Steve Beyer, Ph.D., J.D., scholar, adventurer, and expert on both jungle survival and plant hallucinogens, is well-known to students of Tibetan Buddhism as the author of two seminal, now classic, works, The Cult of Tara (1973) and The Classical Tibetan Language (1992). His 2010 book, Singing to the Plants has been praised as the “the best book on ayahuasca yet” and “the most comprehensive examination of Amazonian shamanism ever written,” and his most recent book, The Talking Stick (2016), draws on his training in restorative justice, non-violent resistance, and council, offering practical instructions on listening with the heart and peacemaking. Steve has also worked as a lawyer and wilderness educator, and is a long-time practitioner of shikantaza meditation and a certified tai chi instructor.  


Great Earth Sangha: Gary Snyder, Dōgen, and the Ecological Emergency

Jason Wirth
Monday, November 6th, 4-5:30pm PST

Gary Snyder has been a lifelong Zen practitioner. Although his training had been in the Rinzai tradition, he also developed a profound appreciation for Eihei Dōgen (1200-1253), who helped him formulate what he called a practice of the wild. We will examine both figures in the context of the current ecological emergency and explore ways in which both figures offer ways to understand and respond to it.

Dr. Jason M. Wirth is professor and chair of Philosophy at Seattle University as well as a Soto Zen priest. His recent books include Mountains, Rivers and the Great Earth: Reading Gary Snyder and Dōgen in an Age of Ecological Crisis as well as Nietzsche and Other Buddhas: Philosophy After Comparative Philosophy.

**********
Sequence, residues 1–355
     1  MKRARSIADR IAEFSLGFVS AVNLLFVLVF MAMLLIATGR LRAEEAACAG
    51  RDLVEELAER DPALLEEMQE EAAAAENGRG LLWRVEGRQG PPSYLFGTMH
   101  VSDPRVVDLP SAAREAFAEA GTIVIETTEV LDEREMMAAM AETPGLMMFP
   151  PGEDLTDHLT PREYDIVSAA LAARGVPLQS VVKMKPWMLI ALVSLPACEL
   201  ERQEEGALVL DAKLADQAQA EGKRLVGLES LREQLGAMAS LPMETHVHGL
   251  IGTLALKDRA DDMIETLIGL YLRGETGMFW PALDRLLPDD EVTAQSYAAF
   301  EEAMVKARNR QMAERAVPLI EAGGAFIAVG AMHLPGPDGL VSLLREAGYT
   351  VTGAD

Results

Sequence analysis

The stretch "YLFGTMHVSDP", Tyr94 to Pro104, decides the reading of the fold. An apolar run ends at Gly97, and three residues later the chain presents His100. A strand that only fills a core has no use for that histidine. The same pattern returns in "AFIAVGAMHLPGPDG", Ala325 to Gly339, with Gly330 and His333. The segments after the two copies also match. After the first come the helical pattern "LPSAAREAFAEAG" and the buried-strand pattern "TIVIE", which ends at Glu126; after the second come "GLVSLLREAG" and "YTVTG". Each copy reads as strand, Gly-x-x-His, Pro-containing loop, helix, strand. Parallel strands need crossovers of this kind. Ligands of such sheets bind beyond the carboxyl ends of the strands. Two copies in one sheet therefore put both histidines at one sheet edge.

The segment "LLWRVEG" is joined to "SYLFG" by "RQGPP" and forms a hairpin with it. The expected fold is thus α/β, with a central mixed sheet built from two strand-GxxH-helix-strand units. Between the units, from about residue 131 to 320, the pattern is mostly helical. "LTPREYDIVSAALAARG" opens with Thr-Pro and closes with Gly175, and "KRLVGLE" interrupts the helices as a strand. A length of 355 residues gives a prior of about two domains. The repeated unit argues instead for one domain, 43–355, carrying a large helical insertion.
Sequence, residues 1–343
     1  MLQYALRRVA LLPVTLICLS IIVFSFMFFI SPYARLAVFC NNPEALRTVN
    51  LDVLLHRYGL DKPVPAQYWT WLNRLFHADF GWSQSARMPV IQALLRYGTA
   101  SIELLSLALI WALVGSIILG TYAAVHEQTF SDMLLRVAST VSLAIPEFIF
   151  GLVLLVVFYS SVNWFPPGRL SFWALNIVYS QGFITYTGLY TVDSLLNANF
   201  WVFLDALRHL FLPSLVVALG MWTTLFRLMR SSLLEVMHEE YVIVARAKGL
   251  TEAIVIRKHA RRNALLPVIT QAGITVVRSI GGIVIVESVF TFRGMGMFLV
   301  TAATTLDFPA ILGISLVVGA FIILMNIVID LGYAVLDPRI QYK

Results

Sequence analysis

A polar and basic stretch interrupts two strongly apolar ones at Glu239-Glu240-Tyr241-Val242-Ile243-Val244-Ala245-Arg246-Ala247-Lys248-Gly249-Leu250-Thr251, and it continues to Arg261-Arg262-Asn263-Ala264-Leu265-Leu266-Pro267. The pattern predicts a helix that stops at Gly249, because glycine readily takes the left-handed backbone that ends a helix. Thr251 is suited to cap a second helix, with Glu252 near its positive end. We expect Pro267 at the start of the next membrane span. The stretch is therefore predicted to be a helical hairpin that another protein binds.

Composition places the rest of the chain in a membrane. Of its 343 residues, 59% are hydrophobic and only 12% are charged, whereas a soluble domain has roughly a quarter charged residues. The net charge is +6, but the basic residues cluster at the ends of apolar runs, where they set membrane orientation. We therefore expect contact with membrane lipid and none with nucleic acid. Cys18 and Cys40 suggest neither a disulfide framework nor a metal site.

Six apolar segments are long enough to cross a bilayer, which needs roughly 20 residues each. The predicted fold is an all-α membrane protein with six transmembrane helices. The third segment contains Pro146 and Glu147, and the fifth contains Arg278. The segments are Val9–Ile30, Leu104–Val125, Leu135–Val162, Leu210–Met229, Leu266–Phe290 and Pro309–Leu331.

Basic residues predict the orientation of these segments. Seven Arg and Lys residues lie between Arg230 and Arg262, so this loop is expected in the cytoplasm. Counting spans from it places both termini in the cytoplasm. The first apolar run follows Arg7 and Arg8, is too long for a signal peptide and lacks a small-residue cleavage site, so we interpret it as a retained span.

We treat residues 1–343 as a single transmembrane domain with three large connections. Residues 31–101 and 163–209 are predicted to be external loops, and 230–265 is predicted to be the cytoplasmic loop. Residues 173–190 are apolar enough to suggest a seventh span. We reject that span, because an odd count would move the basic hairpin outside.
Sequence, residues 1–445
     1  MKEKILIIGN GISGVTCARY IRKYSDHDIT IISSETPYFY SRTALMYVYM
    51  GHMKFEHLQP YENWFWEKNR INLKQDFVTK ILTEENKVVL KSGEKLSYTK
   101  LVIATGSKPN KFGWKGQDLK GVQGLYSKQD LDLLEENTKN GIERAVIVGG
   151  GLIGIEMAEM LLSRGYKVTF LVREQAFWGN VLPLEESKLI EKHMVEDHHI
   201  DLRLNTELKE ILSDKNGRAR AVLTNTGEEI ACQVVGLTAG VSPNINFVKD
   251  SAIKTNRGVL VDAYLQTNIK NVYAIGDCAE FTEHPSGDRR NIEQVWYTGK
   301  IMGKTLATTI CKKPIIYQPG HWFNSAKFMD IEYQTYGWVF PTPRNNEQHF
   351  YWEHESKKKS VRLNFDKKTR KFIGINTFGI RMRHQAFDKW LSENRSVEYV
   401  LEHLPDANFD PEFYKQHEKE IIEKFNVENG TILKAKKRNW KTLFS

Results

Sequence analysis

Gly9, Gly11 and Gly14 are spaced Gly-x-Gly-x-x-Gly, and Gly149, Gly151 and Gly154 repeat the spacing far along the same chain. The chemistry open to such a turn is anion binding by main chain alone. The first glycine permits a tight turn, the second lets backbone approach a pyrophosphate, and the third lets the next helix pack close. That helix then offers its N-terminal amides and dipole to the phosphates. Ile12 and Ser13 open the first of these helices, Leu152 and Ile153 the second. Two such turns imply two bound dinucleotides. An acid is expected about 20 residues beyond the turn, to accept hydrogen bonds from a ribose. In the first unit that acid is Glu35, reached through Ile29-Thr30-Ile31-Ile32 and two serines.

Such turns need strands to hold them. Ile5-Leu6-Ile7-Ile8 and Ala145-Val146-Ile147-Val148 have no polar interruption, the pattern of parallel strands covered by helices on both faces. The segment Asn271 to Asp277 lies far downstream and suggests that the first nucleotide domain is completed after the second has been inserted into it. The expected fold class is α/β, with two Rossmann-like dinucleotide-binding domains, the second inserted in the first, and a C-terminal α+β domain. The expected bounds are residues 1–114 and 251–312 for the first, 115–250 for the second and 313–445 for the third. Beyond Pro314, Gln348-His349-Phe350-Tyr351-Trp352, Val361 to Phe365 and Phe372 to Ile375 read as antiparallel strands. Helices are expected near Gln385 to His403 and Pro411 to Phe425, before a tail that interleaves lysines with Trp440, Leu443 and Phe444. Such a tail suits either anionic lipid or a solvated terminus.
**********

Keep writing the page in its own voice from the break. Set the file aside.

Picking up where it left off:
Buddhist Elemental Thought Across Time, Place, and Genre

Devin Zuckerman
Tuesday, October 3rd, 3-4:30pm PDT

Buddhist theories of the primary elements of earth, water, fire, and wind are widely known as characterizations of the “natural world” in the context of the materialist philosophies of the Abhidharmatraditions. However, less scholarly attention has been paid to their important role in other kinds of Buddhist knowledge systems and practices, such as contemplation, ritual, medicine, and astrology. These discourses, which have been entwined with doctrine in important ways throughout Buddhist history, convey a different set of concerns, preoccupations, and theorizations regarding the world and its inhabitants, human and otherwise. Drawing on materials from across the Indian and Tibetan Buddhist canon, this talk explores a diverse array of elemental theories and practices as an overlooked site for Buddhist understandings of the “natural world.”

Devin Zuckerman is a Ph.D. candidate at the University of Virginia, currently completing her dissertation, “Earth, Water, Fire, Wind, and Space: Elemental Theory in the Development of the Great Perfection Seminal Heart (Rdzogs chen snying thig) Tradition of Tibet.” Her research examines Tibetan Buddhist discourses on the body, the senses, and the surrounding environment, and the role of these themes in contemplative practice traditions.


A Conversation with David Loy on Buddhism, Modernity, and the Ecological Crisis

David Loy
Tuesday, September 19th, 3-4:30pm PDT

Mangalam Research Center Academic Director, Karin Meyers will talk to David Loy about how Buddhism offers resources and alternative perspectives on the social and ecological crises of modernity, as well as how Buddhism may need to evolve to help (post-)modern persons meet these challenges. There will be plenty of time for audience discussion with David.

David Loy is a professor [now retired], writer, and Zen teacher in the Sanbo Zen tradition of Japanese Zen Buddhism. He is one of the founding members of the new Rocky Mountain Ecodharma Retreat Center, near Boulder, Colorado. His books include Ecodharma: Buddhist Teachings for the Ecological Crisis, A New Buddhist Path, and Lack and Transcendence.


Buddhism and Climate Change

Dr. Daniel Capper
October 17, 2022